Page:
So I asked “Where do you think criminals get guns in the first place? They often can’t buy them legally or rob an armory, gun store or police station. Where they get them is from people like you.”

    They’ve actually finally understood this truth.
    That is, criminals have guns because they stole them from good, legal citizens like themselves.
    They feel horrible now.
    They never actually used any gun to protect themselves, but now know that that fear turned into a criminal’s opportunity.

  71. avatar
    ZixiOfIx December 14, 2012 at 10:23 pm #

    bovril:
    In the birther universe which is full of many lies, IIRC, Cody now tries to say that he didn’t ruin up to the stage waving a heavily wired and blinkenlight gadget saying he had a BOMB his hand……..No, it was all a mistake, he said he had a BOM, a copy of the Book Of Mormon……

    So him pleading guilty in exchange for a plea bargain was what, exactly? A joke? A misunderstanding?

    http://www.deseretnews.com/article/293492/JUDY-PLEADS-GUILTY-TO-BOMB-THREAT.html?pg=all

  72. avatar
    ZixiOfIx December 14, 2012 at 10:27 pm #

    J.D. Reed: Hey, your message contradicts itself. If “Obot Rats” are truly clueless, how would we even be aware enough to flee the sinking ship?

    Hopefully, George Soros will send us messages on our Obamaphones.

  73. avatar
    Rickey December 14, 2012 at 10:35 pm #

    ZixiOfIx: Hopefully, George Soros will send us messages on our Obamaphones.

    Soros isn’t using the Obot Signal anymore? I have to get with the program!

  74. avatar
    Rickey December 14, 2012 at 10:42 pm #

    Mary Brown:
    The dentist is delusional. As a teacher of young five year olds I can just shake my head. Let me see. What cupboard in my room would serve to store some weapon? My tears are for the parents who will not see their babies come home and for children who will never see a loved parent walk through the door. The question is will we have the courage to take these crazy people on. It will require perseverance.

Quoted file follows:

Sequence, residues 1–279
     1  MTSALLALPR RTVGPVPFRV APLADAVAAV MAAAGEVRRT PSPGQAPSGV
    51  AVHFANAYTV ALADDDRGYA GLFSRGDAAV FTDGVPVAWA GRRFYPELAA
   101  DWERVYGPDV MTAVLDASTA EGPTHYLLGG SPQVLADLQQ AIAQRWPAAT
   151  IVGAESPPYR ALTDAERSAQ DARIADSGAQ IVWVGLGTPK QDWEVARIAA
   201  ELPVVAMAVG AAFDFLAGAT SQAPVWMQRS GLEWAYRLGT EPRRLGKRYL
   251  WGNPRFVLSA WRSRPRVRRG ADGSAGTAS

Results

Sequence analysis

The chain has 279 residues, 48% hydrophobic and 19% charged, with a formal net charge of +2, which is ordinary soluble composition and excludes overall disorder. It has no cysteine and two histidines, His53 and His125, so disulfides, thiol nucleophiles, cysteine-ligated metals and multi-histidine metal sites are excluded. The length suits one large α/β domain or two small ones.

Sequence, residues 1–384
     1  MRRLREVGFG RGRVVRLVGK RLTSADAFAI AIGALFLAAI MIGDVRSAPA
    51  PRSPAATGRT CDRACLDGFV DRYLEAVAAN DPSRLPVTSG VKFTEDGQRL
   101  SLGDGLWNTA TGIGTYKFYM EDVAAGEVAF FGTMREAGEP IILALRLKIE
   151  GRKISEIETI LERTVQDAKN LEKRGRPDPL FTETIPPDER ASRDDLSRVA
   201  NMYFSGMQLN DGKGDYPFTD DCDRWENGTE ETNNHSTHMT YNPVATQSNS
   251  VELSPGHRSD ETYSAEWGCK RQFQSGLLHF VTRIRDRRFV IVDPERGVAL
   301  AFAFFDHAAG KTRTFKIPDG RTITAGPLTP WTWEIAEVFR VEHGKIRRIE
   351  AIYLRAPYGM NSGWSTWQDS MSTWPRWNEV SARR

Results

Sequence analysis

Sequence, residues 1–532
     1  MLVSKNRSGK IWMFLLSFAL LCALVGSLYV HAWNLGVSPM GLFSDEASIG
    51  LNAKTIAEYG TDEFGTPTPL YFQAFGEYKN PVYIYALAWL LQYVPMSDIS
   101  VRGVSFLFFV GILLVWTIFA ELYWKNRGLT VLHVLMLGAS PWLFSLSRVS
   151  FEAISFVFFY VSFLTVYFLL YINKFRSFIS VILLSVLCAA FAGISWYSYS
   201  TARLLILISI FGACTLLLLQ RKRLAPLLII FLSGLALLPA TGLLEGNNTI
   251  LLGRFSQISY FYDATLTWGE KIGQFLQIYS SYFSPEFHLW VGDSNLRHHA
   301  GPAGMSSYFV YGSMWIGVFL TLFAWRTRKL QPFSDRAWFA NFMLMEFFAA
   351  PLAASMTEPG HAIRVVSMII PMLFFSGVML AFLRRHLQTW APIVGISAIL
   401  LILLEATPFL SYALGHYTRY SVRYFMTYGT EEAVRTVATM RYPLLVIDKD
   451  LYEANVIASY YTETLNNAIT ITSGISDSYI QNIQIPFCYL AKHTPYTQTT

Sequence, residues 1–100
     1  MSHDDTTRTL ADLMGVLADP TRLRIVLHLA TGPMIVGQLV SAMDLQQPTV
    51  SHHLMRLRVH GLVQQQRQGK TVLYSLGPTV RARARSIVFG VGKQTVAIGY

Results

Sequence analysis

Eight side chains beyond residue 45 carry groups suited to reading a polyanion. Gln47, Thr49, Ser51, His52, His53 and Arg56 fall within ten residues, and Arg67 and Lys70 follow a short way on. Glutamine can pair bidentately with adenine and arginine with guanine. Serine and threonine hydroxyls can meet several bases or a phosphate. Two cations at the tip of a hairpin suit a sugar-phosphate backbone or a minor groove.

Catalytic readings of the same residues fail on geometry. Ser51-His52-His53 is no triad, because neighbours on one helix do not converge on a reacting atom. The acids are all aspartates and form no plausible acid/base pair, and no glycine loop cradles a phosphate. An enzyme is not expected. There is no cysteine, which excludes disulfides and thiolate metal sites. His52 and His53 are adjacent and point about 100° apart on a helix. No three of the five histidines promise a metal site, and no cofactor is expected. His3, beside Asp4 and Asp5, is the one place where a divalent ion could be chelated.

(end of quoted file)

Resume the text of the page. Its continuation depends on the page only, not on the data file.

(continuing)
Mother Jones ran an article recently which demonstrated that it almost always turns out badly when untrained civilians try to use guns to stop a shooter.

    If schools had guns, without a doubt even more children would die from accidental shootings.

  75. avatar
    US Citizen December 14, 2012 at 11:01 pm #

    Rickey: Mother Jones ran an article recently which demonstrated that it almost always turns out badly when untrained civilians try to use guns to stop a shooter.

    If schools had guns, without a doubt even more children would die from accidental shootings.

    Since many conservatives boast of how well-trained they are, certainly many will suggest these teachers also go for training.
    But these same conservatives don’t want teachers to earn a fair salary and indeed many teachers have to pay for their own supplies.
    So it’s logical that they would be expected to furnish their own firearms and spend additional time and money to train.
    Also, many of these same RW’s dislike their children’s teachers, so ultimately there will be future arguments where it’s the parents that may get shot.

  76. avatar
    donna December 14, 2012 at 11:14 pm #

    where would these teacher store their guns so that they would be readily available when needed? in their unlocked desk drawers?

    or perhaps they should be required to wear a holster

    and if pharmacists can refuse to sell contraception; if doctors/medical personal can refuse to perform abortions; if churches can sue over contraception coverage then can teachers refuse to carry guns?

  77. avatar
    Hanging Chad December 14, 2012 at 11:29 pm #

    Thrifty:
    Where did that electoral map at the beginning of the article come from?

    Its from a mathematical model by two University of Colorado political scientists that forecast a big Romney win.

    http://www.theblaze.com/stories/electoral-college-model-predicts-romney-will-win-big-in-2012-and-its-been-right-since-1980/

    Turns out they were as accurate as Dick Morris. They even got their own state wrong.

  78. avatar
    Mary Brown December 15, 2012 at 12:19 am #

    Yes more children would die. Those of us who teach look down our hallways each day and understand how absurd the notion of armed teachers is. Can you imagine how that sight would affect the little ones,I teach? I can and I find the notion of advocating that vile.

  79. avatar
    Zixi of Ix December 15, 2012 at 1:16 am #

    Rickey: Soros isn’t using the Obot Signal anymore? I have to get with the program!

    Ha!

    I have a friend who posts birther stuff on Facebook all the time. He’s gone a bit looney in the last year or two, so I have to be careful where I joke about this.

    He actually believes that President Obama pays thousands of people to astroturf websites daily with pro-Obama propaganda/anti-conservative propaganda.